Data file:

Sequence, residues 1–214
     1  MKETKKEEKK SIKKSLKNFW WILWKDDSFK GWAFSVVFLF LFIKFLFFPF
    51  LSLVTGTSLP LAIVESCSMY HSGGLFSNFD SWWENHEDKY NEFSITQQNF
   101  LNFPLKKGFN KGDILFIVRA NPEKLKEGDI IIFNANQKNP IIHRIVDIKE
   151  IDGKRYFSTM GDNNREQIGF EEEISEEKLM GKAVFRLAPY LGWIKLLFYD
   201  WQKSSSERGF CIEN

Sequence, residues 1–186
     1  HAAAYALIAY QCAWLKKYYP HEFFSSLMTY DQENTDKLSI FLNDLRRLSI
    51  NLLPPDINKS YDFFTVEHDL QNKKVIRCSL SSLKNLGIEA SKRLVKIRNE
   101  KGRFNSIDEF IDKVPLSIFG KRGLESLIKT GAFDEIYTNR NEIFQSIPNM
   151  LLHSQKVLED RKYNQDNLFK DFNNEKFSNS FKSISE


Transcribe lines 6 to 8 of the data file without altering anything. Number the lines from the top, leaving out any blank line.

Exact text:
   201  WQKSSSERGF CIEN

Sequence, residues 1–186
     1  HAAAYALIAY QCAWLKKYYP HEFFSSLMTY DQENTDKLSI FLNDLRRLSI